Identification This perennial has a basal rosette with many hairy leaves and a leafless, hairy stem that can be up to 30 inches tall.  Each rosette is capable of producing 10-30 flower stems, each of which have 5-30 orange flowers that are arranged in a flat-topped cluster.  The flowers are bright orange to orange-red and dandelion-like in appearance, with square ended petals.

What can you do? Due to the extensive root system of orange hawkweed hand-pulling and digging-up large infestations is not an effective means of control.  Very small infestations may be controlled by these methods but care must be taken to remove all of the root system because even the smallest fragment can produce a new plant.  Mowing is not recommended because it actually encourages the growth of this plant.  There are several herbicides that are effective in controlling orange hawkweed and re-seeding is always recommended to fill in the areas where this plant was removed.  If you have any questions regarding orange hawkweed or any other weed call your local weed district.

Visit the MWCA Weed ID pages for additional information and pictures of orange hawkweed.

This series of articles was developed by Ravalli County.  If you would like to use these articles please contact Ravalli County Weed District Weed Coordinator at (406) 777-5842.


Hoary alyssum–A weed to watch for on your property

Friday, August 20th, 2010

 

Dr. Jane Mangold, MSU Assistant Professor and Extension Invasive Plant Specialist, just published an article about a weed to keep an eye out for during the late summer.    The following is an excerpt from her article:

Have you noticed a small, white-flowered mustard growing prolifically in your neighborhood? It could be the noxious weed hoary alyssum (Berteroa incana). Hoary alyssum was added to the state noxious weed list in 2008, and may not be as familiar as other notables like spotted knapweed, Canada thistle or leafy spurge.

However, if you live in southwestern Montana, where this weed is most prevalent, you’ve probably seen it along a bike trail or road, in a waste area or pasture, or even in your yard. It flowers from spring through late fall, and is currently very noticeable as other vegetation begins to die back for the season.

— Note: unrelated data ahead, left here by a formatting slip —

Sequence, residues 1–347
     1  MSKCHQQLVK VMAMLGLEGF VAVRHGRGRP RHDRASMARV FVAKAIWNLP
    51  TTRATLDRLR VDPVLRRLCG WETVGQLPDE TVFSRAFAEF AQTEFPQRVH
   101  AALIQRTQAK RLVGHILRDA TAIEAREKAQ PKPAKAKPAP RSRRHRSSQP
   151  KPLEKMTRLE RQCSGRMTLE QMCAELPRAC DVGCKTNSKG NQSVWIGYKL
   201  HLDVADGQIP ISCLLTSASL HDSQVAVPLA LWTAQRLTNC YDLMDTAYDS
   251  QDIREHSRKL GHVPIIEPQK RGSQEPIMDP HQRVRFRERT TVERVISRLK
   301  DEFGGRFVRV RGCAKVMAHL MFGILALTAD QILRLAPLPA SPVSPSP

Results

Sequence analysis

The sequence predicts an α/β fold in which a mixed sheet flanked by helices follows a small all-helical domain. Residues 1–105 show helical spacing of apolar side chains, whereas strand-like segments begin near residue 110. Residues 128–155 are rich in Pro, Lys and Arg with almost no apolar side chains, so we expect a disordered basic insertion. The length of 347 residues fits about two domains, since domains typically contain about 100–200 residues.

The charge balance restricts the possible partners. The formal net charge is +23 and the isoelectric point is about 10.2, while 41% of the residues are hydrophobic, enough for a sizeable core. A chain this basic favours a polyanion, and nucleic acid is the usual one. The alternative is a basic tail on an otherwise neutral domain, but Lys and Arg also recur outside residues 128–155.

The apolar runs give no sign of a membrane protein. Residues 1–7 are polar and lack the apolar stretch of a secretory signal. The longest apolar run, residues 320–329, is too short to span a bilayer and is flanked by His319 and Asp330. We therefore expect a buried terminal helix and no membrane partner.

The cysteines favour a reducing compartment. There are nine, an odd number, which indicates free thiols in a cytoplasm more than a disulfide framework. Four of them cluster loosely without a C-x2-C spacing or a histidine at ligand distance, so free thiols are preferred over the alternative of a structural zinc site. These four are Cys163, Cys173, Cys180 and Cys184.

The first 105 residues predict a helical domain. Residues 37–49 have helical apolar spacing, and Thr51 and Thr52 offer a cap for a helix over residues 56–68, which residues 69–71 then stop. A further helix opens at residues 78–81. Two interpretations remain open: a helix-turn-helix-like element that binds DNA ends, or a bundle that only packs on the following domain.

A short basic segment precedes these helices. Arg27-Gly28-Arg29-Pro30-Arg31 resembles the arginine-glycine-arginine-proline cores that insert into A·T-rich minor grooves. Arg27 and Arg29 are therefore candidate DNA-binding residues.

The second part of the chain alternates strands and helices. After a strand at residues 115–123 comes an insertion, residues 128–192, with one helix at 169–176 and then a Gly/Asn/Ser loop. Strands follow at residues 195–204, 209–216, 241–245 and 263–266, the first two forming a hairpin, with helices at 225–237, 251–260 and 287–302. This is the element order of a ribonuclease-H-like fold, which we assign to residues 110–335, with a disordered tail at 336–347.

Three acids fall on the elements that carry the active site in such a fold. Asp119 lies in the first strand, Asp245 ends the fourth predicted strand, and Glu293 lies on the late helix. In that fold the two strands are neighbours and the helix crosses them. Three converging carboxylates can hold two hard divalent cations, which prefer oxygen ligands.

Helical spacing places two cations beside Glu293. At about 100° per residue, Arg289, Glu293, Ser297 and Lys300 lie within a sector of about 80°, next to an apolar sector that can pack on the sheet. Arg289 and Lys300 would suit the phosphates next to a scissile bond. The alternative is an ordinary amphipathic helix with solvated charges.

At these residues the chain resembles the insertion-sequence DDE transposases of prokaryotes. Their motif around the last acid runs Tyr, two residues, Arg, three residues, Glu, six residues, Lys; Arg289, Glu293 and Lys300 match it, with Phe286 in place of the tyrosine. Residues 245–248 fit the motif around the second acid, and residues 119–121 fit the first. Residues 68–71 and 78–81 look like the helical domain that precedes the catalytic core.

Read the complete MSU news article here.

Visit the MWCA Weed ID pages for additional information and pictures of Hoary alyssum.


Weed of the Week – Blueweed

Thursday, August 12th, 2010

 

Blueweed - photo by Kellieanne Morris, Ravalli County MT Weed District

Blueweed - photo by Kellieanne Morris, Ravalli County MT Weed District

Introduction

Blueweed or viper’s bugloss is native to Europe and has invaded much of the eastern U.S. and parts of the western U.S.  The first record of this plant in Montana was in 1916.  It was listed as a category 2 noxious weed on our state list in March of 2008.  Blueweed thrives in gravel bars along rivers and also does well in irrigated pastures.

Concerns
Blueweed can be toxic to horses, sheep, and cattle.  The hairs that cover the plant may also act as a skin irritant for humans.  This plant can become quite large greatly reducing the productivity of grazable lands due to it being unpalatable.  It has the potential to ruin hay due to its high moisture content.  It also has the ability to destroy wildlife habitat and native plant biodiversity.  It reproduces by seeds that stick to clothing, animal fur, and feathers and may also be disperse by flowing water.  Each plant produces between 500 and 2000 seeds.

Identification
Blueweed is most easily identified by its bell shaped flowers that come in shades of blue, pink, and purple.  The flowers bloom a few at a time in a scorpoid raceme (resembles a scorpion’s tail).  Four or five, usually pink stamen stick out from the center of the bell shaped flowers.  Blueweed is a biennial, meaning that it lives for two years.  The first year that this plant emerges it is in the form of a rosette.  Second year plants typically bolt and produce flowers.  The stems are a grayish-green color and are covered with hairs and black dots.  The leaves are lance shaped and are also covered with hairs.  The plant can be anywhere from 5 inches to 3 feet in height.  From a distance it may resemble lupine.

What can you do?

This tap rooted plant can be hand pulled (with gloves and long sleeved shirts) or dug up with good results in small infestations.  Mowing can help to reduce the seed production if repeated throughout the growing season but is not a long term solution.  Herbicide is an effective control method when applied correctly.  Call your local weed district for recommendations on herbicides.  As always an integrated weed management plan utilizing all effective means of control and revegetation is the best option for reducing and eradicating blueweed.  If you have any questions about blueweed or any other noxious weeds call your local weed district.

Visit the MWCA Weed ID pages for additional information and pictures of blueweed.

This series of articles was developed by Ravalli County.  If you would like to use these articles please contact Ravalli County Weed District Weed Coordinator at (406) 777-5842.